COLUMN: Life goes on in the age of email

— When the phone rings, no one answers.

That’s been my experience lately with some phone calls I tried to make. When I was growing up, it was considered common courtesy to let the phone ring seven times then hang up if no one had yet answered. I don’t know anyone anymore who has their answering machines set to go seven rings. But I often get these messages: “I’m either not in my office or I’m on another line” or “The mailbox is full. Please try again at a later time.” Or the dreaded home-grown experiment with music and multiple voices chiming in to wish me a ggggrreat day. Ugh.

Maybe my assumption that phone calls and personal visits are preferred to email and texting may be flawed. Phone calls, too, are starting to be rounds of tag, to the point where “phone tag” is a common expression that everyone recognizes. I haven’t checked to see if it’s in the dictionary yet. I mean the paper one, the big thick volume you turn page by page. Dictionary.com was an afterthought.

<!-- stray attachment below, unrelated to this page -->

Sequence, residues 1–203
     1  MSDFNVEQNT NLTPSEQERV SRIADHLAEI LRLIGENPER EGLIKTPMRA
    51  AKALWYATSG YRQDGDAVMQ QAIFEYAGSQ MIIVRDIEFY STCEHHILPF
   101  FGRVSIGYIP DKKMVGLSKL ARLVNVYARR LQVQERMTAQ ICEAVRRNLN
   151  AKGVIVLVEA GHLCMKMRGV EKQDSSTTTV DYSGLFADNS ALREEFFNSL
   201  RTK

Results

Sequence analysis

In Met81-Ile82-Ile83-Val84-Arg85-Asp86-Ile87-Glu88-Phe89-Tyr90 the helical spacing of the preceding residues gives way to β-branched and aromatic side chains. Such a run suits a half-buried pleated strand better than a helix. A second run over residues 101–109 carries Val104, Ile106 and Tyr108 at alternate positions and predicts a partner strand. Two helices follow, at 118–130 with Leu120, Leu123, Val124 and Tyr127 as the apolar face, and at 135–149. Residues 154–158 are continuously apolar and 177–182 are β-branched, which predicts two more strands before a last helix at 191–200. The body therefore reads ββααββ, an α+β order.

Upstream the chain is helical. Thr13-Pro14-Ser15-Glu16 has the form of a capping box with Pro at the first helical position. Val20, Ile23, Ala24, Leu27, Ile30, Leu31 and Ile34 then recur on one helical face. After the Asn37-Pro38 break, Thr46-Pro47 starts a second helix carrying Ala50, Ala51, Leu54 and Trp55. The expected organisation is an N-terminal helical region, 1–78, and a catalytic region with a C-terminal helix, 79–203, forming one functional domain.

For years I’ve been a strong proponent of face-to-face meetings and the importance of personal interaction. Eye contact and facial expression mean a lot to me because they help me navigate the vagaries of social encounters (key word: vagaries). I’m often thrown off-course by the tone of voice in a phone message, or the perceived word choice in a black-and-white email. I need all the additional cues I can get to help me know what the sender meant.

I’m starting to realize, however, that what qualifies as personal interaction varies between people and, especially, between generations. My pre-teens are so familiar with IMing and chat rooms that they speak as if they were actually with their friends for these conversations. Just the other night I was on a late-night walk with my youngest. We like to bundle up and go out under the stars at bedtime, catching up on the day’s news and then falling silent under the soporific spell of the moon (search on “Peter Rabbit”).

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